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Issue #47: Wilton Simpson sold out Pasco County in Redistricting
Final map weakens Pasco's influence
For anyone who has been following my twitter account, you will know that I have been working on a detailed deep-dive into the new Congressional districts. This article continues to be built, and while it likely won’t be ready till next week, I promise it will be worth the wait. (Translation: It is gonna be long)
In the meantime, I came across an interesting factoid as I was collecting district information. Specifically, the lines of Congressional District 12 and how they relate to Pasco County.
A Pasco-based Seat?
During last week’s redistricting committee hearing on the new map, the presenter, Alex Kelly, discussed the logic behind the way Congressional District 12 was drawn. The new district includes all of Citrus and Hernando; and most of Pasco. While covering the district, Kelly made a seemingly random statement.
“District 12 actually is still, in this configuration, a majority Pasco County seat”
Now, this type of analysis is something you will see plenty of in my deep dive. But why is DeSantis’ staff laying out county control of a district? Seems so random.
Or does it? —- More on that later.
To clarify, they are right, in terms of total population. A majority of the population is retained from Pasco county.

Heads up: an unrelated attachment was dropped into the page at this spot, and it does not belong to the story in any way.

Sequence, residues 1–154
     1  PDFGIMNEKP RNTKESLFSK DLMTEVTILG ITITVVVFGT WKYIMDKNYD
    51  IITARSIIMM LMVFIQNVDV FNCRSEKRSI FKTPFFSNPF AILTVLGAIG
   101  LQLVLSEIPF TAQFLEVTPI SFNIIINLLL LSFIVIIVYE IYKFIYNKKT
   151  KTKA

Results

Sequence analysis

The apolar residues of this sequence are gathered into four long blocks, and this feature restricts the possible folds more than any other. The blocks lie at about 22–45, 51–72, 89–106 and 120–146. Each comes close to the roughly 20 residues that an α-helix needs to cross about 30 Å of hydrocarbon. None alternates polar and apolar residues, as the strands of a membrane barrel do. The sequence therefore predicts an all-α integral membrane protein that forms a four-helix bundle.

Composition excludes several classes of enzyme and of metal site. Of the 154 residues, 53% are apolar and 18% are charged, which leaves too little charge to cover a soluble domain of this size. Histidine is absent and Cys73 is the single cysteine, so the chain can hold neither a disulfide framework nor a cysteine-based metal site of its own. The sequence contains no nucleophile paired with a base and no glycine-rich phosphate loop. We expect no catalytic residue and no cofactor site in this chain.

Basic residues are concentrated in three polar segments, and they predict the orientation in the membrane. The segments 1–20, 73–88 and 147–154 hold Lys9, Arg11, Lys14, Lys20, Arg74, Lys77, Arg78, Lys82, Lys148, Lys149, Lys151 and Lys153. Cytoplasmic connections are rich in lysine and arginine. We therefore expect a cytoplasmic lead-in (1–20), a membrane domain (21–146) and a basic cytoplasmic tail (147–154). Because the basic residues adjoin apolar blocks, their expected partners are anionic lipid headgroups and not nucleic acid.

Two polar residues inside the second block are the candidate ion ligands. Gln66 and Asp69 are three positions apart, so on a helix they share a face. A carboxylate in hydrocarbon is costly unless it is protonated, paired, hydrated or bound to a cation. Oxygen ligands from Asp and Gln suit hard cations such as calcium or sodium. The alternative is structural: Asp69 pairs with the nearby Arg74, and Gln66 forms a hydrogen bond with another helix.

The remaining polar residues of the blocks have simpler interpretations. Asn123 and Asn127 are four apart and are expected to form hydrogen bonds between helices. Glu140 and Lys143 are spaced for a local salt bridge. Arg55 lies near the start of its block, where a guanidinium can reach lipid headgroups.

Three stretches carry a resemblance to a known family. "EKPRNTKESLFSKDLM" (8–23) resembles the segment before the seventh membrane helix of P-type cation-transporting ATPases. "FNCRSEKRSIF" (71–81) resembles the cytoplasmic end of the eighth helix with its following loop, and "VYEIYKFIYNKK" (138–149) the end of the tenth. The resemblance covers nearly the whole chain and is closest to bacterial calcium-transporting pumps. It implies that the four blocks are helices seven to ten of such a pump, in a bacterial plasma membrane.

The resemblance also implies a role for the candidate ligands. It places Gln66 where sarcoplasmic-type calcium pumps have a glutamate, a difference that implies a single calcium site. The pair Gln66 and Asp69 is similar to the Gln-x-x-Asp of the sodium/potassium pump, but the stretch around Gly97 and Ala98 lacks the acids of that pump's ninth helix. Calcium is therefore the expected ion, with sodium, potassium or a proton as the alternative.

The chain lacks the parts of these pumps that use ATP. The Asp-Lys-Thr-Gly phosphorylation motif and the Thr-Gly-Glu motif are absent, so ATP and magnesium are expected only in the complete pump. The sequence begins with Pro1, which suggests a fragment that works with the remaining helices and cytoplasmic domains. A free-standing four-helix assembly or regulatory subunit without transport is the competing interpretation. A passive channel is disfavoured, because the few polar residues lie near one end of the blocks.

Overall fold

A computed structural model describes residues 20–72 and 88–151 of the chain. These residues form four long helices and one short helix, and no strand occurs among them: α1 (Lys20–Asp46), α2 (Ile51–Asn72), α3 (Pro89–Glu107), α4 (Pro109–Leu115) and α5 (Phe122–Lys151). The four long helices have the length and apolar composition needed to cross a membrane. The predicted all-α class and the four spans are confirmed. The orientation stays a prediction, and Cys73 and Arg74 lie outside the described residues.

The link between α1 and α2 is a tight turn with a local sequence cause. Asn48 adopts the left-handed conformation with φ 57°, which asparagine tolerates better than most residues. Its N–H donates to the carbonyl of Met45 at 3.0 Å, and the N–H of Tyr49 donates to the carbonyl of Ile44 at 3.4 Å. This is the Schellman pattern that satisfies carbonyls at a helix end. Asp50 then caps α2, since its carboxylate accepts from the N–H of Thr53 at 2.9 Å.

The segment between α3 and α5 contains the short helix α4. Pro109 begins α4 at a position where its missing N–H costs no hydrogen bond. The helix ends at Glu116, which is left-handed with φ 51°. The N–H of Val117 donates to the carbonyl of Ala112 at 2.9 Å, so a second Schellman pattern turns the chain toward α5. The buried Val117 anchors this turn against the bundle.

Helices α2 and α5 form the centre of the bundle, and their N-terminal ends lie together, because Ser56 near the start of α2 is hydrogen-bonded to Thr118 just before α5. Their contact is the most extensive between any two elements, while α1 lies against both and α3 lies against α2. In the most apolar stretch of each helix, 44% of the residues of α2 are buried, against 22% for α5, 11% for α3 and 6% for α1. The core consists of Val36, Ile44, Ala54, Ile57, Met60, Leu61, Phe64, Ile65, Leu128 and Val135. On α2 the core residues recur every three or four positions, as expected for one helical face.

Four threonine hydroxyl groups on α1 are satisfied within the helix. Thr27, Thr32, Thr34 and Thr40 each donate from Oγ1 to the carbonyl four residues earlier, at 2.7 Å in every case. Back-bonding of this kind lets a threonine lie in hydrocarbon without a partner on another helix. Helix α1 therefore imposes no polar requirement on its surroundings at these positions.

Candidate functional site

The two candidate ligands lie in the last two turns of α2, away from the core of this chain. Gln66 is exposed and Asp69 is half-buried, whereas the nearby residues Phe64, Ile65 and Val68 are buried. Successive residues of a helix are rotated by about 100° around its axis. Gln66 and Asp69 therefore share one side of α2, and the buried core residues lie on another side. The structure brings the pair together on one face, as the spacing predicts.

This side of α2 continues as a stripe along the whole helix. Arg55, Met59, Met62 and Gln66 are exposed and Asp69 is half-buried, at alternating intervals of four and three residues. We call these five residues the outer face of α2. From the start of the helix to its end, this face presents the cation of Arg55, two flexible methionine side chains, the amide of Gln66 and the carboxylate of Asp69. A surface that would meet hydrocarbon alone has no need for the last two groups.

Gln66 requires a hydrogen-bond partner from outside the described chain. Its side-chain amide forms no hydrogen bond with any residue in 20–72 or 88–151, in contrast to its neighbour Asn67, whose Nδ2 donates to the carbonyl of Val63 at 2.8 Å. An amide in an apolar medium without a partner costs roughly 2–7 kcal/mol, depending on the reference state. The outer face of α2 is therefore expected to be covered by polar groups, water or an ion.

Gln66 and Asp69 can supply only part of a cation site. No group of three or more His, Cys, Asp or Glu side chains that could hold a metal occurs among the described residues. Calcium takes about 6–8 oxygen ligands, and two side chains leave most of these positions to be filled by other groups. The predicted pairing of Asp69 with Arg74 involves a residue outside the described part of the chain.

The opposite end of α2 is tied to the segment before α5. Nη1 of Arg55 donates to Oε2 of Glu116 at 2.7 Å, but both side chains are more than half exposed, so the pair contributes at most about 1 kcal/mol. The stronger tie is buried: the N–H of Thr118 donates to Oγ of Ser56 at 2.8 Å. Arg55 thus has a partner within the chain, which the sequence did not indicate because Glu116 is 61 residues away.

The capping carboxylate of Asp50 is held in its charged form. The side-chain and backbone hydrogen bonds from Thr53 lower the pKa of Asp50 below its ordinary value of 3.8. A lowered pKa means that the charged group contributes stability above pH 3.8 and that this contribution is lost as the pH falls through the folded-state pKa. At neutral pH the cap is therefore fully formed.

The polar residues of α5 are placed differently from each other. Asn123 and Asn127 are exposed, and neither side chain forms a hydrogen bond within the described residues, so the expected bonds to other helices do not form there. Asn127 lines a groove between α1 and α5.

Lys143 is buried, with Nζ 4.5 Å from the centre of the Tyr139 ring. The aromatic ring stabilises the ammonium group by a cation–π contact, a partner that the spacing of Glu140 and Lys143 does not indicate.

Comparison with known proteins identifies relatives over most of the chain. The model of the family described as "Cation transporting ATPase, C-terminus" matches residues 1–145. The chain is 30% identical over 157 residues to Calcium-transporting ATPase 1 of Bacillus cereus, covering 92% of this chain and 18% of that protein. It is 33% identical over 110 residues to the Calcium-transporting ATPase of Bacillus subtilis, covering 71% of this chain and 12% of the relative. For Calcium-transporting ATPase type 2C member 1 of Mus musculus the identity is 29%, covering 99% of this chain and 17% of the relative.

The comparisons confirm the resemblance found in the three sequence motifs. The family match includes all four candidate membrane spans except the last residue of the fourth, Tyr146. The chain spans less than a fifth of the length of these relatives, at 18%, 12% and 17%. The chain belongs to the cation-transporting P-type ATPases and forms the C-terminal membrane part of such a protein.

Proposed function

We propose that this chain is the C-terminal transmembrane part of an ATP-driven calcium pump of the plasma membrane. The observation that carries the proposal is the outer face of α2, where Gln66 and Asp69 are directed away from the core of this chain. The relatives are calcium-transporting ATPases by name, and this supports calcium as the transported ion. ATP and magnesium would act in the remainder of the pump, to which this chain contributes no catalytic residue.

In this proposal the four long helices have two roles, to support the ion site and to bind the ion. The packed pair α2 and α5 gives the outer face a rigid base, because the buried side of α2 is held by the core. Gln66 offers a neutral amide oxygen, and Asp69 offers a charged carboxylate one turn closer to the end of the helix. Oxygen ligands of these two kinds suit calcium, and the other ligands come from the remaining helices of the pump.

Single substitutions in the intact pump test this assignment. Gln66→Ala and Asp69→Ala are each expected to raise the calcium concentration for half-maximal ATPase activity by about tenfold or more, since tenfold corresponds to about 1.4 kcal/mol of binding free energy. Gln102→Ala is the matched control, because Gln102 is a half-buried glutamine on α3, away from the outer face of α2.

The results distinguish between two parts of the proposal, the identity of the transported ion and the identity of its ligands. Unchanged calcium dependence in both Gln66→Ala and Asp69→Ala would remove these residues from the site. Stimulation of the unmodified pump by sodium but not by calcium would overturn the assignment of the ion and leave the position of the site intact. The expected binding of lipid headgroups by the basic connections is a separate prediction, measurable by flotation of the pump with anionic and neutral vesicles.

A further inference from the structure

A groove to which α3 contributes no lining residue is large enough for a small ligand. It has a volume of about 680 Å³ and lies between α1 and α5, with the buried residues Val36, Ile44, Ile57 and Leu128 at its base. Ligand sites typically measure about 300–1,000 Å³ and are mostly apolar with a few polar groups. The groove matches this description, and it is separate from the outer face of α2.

The note from Kelly is likely due to the fact that the outgoing CD12 is also a majority Pasco seat. In the current 12th, 70% of the population is from Pasco. In addition, the seat, which is steadily Republican, has 63% of its GOP primary votes coming from Pasco.
The story for the new 12th is a very different story. Kelly was right about total population. However, when it comes to Republican primary votes, Pasco only makes up 39% of the votes cast.
Pasco is bigger than Citrus or Hernando, but it can lose out to its northern neighbors if they team up. While I wouldn’t imagine incumbent Gus Bilirakis will face a real primary threat, all bets are off when this seat is open. Pasco won’t be able to count on controlling the primary.
Reasons for the 12th Moving North
The 12th district has is currently Pasco and parts of Northern Pinellas and Hillsborough. It was no shock that the State Senate’s passed Congressional plan retained a Pasco-heavy seat; with the plan adopting many least-change proposals where possible for the lines. This version included a bit of Pinellas, all of Pasco, and Hernando. It moved a bit north, but Pasco remained the anchor. This district gave Pasco 63% of the GOP primary share.
This layout, however, couldn’t be achieved if the goal was to gerrymander the Tampa Bay region. Republican drafts in the House and with DeSantis all aimed to split eastern Pasco so that it could be added to the growing Democratic east-central Hillsborough suburbs; keeping the 15th in play for the GOP. A split Pasco meant moving the 12 further North, especially when Northern Pinellas is being used to make the 13th more GOP friendly.